Stories

Empowering “REBBLS” in the Amazon

Jovita“I came home from work and my daughter was gone.”

So begins the testimony of Jovita Bardales, describing the terrifying tale of her daughter being trafficked into the commercial sex industry.

Jovita was born and raised in an indigenous community in the Amazonia region of Peru. The indigenous people mostly live in squalor and struggle from a lack of basic human rights that the majority of Peruvian citizens enjoy.
Due to the near absence of an economic platform for income, some native people migrate to Puerto Maldonado, the nearest port city, to find work. They work long hours for little pay.

Being a single mother, Jovita hated leaving her children at home while she was at work.

But she felt she had no other choice.

Her daughter was 16 years old, so Jovita thought she was relatively safe. That was until she returned to an empty house when she returned from work at 7pm one night.

She found a note on the kitchen table left by her daughter saying that she had gone to Lima to take up a job.

Jovita immediately knew that this was not true, and she called the police authorities.

The police offered little help. Fortunately, Jovita has extended family living in various parts of Peru. One of her uncles lives in Lima, and through a network of friends and families was able to track down her daughter.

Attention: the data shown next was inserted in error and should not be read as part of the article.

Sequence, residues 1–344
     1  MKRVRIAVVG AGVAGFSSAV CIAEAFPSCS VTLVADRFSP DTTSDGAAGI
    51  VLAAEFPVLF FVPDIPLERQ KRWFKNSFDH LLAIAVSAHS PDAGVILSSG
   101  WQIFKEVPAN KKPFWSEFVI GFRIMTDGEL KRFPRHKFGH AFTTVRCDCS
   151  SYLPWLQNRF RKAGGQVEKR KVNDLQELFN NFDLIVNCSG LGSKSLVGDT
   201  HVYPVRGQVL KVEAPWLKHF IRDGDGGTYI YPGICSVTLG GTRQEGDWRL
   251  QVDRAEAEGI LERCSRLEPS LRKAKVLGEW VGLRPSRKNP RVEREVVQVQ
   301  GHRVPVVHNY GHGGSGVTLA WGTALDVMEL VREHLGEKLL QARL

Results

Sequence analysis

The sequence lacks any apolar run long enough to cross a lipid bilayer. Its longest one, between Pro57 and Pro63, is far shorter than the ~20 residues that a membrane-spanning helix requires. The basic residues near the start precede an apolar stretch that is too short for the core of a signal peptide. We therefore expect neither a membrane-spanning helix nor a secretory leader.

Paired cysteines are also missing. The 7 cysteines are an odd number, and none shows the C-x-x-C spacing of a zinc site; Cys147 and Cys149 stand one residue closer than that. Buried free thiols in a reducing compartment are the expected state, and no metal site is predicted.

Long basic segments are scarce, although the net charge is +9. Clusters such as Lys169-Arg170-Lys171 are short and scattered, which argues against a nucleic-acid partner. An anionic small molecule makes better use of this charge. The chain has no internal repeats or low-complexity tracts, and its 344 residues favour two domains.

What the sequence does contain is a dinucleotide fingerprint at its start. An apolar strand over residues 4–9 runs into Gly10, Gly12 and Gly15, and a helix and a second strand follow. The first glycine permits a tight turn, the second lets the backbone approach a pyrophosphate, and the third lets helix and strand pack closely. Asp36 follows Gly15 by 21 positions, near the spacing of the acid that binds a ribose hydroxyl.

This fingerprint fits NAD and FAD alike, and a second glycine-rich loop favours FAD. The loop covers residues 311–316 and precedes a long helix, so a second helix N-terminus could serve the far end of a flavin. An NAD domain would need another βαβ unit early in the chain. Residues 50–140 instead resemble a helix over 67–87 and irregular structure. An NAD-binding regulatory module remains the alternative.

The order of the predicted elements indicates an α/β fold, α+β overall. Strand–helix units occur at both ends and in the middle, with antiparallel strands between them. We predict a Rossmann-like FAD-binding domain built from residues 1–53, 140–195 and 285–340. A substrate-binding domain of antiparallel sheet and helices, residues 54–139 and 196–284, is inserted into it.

She was being held in a house with 20 other young girls, already dressed in the skirt of a street sex worker. Through a daring intervention, Jovita and her uncle rescued the daughter and got the trafficker arrested and put in prison.

Today Jovita is a true “rebbl.” She educates other indigenous families the dangers of human trafficking and how to keep their children safe.

She also serves as one of the key organizers enabling her community harvest the native herb cat’s claw for commercial sale.

With the help of Not For Sale, Jovita and her community were able to secure important certification that the cat’s claw they harvest is of native origin, of the highest quality standard, and is harvested with “fair trade.” At the moment, Not For Sale is arranging with the Peruvian supplier that provides cat’s claw concentrate to REBBL and Not For Sale Ale how to source the cat’s claw directly from Jovita’s community. The supply chain logistics are complex, but the struggle to figure it out is well worth it.

Jovita’s daughter is unfortunately not a singular case. Many teenage children of the indigenous communities of the Peruvian Amazon have been trafficked. To stop the sale of the indigenous people, we need to create a sustainable economic platform that provides a dignified livelihood and inoculates them from trafficking and other forms of exploitation.

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